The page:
MotYAnother mom book is the sweet and funny Mother of the Year by Karen Ross.  A daughter is trying to make her way in the world but who can’t compete with her tv star/journalist mom’s life.

Dead RomanticDR by Ruth Saberton (one of my favorite chick lit authors) was very entertaining.  An Egyptologist in London is applying for a promotion at a museum with mummies but doesn’t know that she was the inspiration for a huge Christmas song written after she kissed a young man at an out of the way train station in England ten years ago.

PGDabney: I was heartily surprised by how much I loved Personal Geography by Tamsen Parker. An author friend on Facebook was raving about the book but when I read the blurb–high powered sub who can’t commit finds a beta dom she can’t resist–I didn’t think it would do much for me. I’m not the right reader for most BDSM works. But I loved this novel not only for its delicate and nuanced story of how two strong people balance the scales of love and power but also for the insight it gave me into why BDSM works so strongly for those who seek it.

NMMNGAmy Andrews’s No More Mr. Nice Guy was a close second for my favorite book of the year. It’s practically perfect in every way. The heroine, newly single after a long-term unsatisfying relationship, makes a sexy to-do list which her best friend’s utterly adorable older brother finds and decides its his job to fulfill.  The book is one of the best combinations of sweet and oh so sexy out there and the hero has made it to my top ten list. It’s a joy from start to finish.

HHMy adoration for Jackie Ashenden’s Having Her is well documented. It was a DIK read for me (review here) and my choice for Best Book of the Year. So so so good.

FI rarely read paranormal romance but a friend recommended Meljean Brook’s novella Frozen and for that I thank her. This is a stand-alone love story about a woman and the cursed man she falls for. Ms. Brook is highly acclaimed for her world-building in her Iron Seas and Guardians series but that’s not on display here. Here the focus is on the two leads, the tough choices they face, and the strength of the love they have for one another. It’s well-written, suspenseful, and satisfying.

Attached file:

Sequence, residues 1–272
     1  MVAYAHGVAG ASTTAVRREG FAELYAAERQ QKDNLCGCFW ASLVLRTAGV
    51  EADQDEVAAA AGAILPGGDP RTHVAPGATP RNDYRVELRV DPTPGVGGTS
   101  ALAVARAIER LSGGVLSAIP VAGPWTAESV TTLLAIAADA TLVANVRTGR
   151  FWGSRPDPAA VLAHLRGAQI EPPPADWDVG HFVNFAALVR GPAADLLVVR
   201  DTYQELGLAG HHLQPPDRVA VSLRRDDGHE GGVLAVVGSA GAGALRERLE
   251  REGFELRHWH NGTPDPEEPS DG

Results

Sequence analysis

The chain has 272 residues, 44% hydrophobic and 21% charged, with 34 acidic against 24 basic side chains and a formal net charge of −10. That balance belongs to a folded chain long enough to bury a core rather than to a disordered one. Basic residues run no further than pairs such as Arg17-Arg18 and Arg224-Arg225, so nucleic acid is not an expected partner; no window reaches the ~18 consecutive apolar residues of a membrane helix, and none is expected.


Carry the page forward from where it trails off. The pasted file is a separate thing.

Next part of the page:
MiCMaggieMambo in Chinatown by Jean Kwok is a fabulous Cinderella story that did not receive nearly the buzz it should have. Heroine Charlie is marvelous – you can really root for her.

The Jade TemptresstJT and Gunpowder Alchemy by Jeannie Lin. I was stunned when Lin was moved to e-book only – she’s clearly not getting the buzz she needs and deserves..  She writes beautiful, poignant novels filled with characters that are wondrously alive and easily transcend cultural barriers. Both of the books she published this year were outstanding reads for me.

WaLMDLynnWhat a Lady Most Desires by Lecia Cornwall. The Napoleonic Wars get lip service in more than a few early 19th century-set historicals, but this book was one of the better romances I’ve read that actually deals with the war and makes it an integral part of the story. The plot held my attention, and the author captured the emotional upheaval of the characters quite well.

CR If I get a runner up, it would be: Code Runner by Rosie Claverton. This second book in the Amy Lane mystery series really hit its stride, and I’m starting to really look forward to the adventures of the agoraphobic computer prodigy and her ex-con assistant. These books deserve to be more widely known and I can’t wait for the next installment.

Did you read any books this year that you loved but no one seems to be talking about? If so, please share them with us.